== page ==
Another key element in the 42SL8000’s winning picture formula is its sharpness. HD sources – especially Blu-rays – look pristine, with endless amounts of fine detail, exceptionally smooth colour blends, and that tantalising ‘snap’ that makes HD so beloved of all who’ve witnessed it at its best.
The ‘200Hz’ engine contributes to the LG’s HD sharpness too, as I would have hoped. There’s practically no loss of resolution at all as objects cross the screen, and judder is hugely reduced, too.
The 42SL8000’s 200Hz system isn’t quite as potent as those of Samsung and Sony’s ‘true’ 200Hz TVs. Plus its scanning backlight component does cause the sporadic appearance of the ‘three-ball’ phenomenon, where golf, cricket and tennis balls sometimes appear with a couple of ghostly echoes around them.
I’d recommend, too, that you only leave the 200Hz engine set to its ‘low’ level if you don’t want to find your pictures succumbing to lots of unwanted side effects, like flickering and localised lag around large moving objects.
Overall, though, while you should use it with caution, the 200Hz engine’s positives for me ultimately outweigh its negatives. What’s more, even if you decide to turn the system off completely for some fast-moving sports event, the 42SL8000’s picture still doesn’t prove very susceptible to LCD’s common blurring and judder phenomena.
Given that HD sadly still makes up the minority of our TV viewing time, it’s also great to find that the 42SL8000 is rather accomplished at rescaling standard definition to its Full HD pixel count. Colours retain their tonal authenticity much more during the rescaling process than we’ve become accustomed to seeing with LG TVs, and standard def images are sharpened without noise being excessively exaggerated.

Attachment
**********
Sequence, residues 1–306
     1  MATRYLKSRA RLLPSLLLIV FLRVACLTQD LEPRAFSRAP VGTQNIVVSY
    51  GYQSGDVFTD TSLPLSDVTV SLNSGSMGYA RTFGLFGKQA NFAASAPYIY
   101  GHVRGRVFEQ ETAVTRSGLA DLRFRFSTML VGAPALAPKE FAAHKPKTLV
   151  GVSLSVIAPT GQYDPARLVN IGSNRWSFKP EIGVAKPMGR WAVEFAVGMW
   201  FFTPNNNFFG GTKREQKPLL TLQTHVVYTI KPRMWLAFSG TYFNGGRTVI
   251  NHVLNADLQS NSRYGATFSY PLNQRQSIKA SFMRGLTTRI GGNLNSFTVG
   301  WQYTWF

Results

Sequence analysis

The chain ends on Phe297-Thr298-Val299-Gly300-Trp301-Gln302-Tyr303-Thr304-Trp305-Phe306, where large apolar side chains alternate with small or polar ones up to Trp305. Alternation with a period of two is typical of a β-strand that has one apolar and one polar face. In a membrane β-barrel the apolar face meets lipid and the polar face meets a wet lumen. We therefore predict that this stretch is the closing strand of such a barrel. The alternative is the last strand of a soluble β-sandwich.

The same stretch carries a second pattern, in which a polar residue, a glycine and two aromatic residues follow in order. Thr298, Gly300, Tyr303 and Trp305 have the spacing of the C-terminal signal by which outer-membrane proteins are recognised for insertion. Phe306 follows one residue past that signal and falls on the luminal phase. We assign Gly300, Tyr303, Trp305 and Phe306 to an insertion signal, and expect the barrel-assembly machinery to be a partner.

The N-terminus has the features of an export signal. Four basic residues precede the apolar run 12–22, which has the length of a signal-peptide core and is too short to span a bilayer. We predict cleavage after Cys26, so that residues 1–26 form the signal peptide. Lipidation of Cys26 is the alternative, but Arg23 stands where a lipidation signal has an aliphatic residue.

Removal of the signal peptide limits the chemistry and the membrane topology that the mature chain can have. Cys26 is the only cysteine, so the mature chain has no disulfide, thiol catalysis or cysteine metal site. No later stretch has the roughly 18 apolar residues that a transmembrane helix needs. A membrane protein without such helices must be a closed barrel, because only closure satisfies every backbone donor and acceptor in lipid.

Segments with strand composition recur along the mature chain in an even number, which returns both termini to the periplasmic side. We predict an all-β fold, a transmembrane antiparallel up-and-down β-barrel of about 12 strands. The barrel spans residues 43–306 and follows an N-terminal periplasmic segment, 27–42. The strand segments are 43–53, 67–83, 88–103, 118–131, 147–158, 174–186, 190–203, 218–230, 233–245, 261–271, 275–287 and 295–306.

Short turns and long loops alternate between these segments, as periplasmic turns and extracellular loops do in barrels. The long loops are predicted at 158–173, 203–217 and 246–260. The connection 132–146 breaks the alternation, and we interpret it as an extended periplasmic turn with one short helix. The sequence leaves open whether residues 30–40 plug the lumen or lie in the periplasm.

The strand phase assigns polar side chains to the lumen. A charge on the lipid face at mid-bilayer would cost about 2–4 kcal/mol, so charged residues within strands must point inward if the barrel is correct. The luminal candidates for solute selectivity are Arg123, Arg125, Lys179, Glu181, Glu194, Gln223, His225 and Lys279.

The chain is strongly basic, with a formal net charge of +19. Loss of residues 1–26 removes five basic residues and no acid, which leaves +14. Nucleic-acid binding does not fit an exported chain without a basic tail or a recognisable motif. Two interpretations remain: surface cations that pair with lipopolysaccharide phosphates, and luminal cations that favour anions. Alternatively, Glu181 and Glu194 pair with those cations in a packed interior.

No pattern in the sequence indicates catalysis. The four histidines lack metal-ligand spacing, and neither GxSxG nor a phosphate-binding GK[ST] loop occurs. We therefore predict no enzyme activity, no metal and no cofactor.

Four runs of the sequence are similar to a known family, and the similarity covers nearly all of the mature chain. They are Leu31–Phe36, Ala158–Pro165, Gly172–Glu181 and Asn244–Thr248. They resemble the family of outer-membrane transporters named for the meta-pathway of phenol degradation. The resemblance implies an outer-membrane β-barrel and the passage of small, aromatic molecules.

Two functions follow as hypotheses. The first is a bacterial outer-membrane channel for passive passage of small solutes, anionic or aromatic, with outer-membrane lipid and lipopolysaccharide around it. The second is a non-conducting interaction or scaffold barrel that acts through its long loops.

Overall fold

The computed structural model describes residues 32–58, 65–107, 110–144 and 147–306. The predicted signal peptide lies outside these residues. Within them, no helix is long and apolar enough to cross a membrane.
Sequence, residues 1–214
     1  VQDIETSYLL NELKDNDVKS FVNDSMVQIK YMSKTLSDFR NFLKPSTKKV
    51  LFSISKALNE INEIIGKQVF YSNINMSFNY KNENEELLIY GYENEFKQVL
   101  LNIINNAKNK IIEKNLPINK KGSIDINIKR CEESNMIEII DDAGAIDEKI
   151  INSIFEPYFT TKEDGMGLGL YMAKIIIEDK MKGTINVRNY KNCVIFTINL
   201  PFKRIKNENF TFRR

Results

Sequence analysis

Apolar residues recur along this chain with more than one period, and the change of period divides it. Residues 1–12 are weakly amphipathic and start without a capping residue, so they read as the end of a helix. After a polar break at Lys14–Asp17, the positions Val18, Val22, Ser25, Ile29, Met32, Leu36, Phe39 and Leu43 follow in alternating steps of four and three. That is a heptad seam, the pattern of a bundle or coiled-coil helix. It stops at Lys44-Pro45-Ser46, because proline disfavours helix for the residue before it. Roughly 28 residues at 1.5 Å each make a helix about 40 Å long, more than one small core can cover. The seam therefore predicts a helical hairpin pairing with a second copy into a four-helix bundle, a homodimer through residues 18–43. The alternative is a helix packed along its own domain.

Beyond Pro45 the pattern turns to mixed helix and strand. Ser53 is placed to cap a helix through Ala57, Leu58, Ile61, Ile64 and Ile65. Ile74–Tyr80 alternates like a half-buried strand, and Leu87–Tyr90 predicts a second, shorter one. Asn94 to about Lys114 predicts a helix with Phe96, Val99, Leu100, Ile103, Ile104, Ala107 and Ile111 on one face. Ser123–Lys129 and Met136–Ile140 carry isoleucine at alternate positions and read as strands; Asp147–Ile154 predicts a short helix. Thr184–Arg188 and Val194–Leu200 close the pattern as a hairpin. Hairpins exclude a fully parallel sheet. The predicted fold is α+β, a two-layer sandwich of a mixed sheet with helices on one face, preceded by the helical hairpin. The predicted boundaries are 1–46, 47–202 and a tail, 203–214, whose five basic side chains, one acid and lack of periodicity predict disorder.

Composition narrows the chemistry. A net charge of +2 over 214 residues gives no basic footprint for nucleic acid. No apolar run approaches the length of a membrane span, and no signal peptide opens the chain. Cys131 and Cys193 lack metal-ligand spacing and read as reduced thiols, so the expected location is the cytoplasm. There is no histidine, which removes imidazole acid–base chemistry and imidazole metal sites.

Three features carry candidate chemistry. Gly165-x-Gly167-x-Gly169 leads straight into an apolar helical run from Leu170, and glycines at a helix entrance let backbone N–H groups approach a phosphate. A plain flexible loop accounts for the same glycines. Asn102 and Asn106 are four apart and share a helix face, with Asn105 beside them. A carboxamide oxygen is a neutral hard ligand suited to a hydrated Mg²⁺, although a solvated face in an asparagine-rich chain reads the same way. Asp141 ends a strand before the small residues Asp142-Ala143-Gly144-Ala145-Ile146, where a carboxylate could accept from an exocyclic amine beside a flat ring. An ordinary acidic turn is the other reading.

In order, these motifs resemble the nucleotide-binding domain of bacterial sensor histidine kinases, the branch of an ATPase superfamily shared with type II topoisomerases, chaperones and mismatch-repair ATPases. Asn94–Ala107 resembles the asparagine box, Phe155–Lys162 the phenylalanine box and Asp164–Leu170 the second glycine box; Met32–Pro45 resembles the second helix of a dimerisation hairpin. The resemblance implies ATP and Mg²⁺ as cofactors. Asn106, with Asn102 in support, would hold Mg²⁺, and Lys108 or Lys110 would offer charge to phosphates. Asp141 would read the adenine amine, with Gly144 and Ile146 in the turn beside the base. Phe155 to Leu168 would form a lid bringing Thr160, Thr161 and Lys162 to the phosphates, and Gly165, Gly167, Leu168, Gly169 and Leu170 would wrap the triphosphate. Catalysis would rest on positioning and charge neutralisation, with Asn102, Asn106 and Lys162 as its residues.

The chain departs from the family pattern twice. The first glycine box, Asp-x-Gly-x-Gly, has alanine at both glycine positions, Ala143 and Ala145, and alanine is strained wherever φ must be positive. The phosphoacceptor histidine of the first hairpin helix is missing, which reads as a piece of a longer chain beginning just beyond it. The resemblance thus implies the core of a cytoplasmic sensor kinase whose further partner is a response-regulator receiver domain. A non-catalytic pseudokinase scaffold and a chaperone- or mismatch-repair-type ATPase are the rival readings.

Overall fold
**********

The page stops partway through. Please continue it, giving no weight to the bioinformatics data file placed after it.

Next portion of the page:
Aside from the limited viewing angle issue and (largely avoidable) 200Hz artefacts mentioned earlier, the only negatives I could really come up with about the 42SL8000’s pictures are a slight tendency to over-sharpen some edges during very bright standard definition scenes, and the fact that the screen reflects ambient light from your room a little more obviously than I’d like.
The 42SL8000’s audio is better than I’d expected considering how slender the TV is. There’s much more raw power around than I’ve become accustomed to hearing from LG’s flat TVs, and this power is delivered without distortion or ‘muddiness’. High frequency sounds can occasionally sound a touch brittle, but otherwise it’s all more than satisfying. Especially if you’ve got the Clear Voice option engaged to soup up the reproduction of vocals.
Thanks to the 42SL8000, LG now has a truly outstanding LCD performer to add to its already well-established value and design talents. If this is the shape of things to come for LG, we could be in for a very interesting and competitive ride in the lead up to Christmas…
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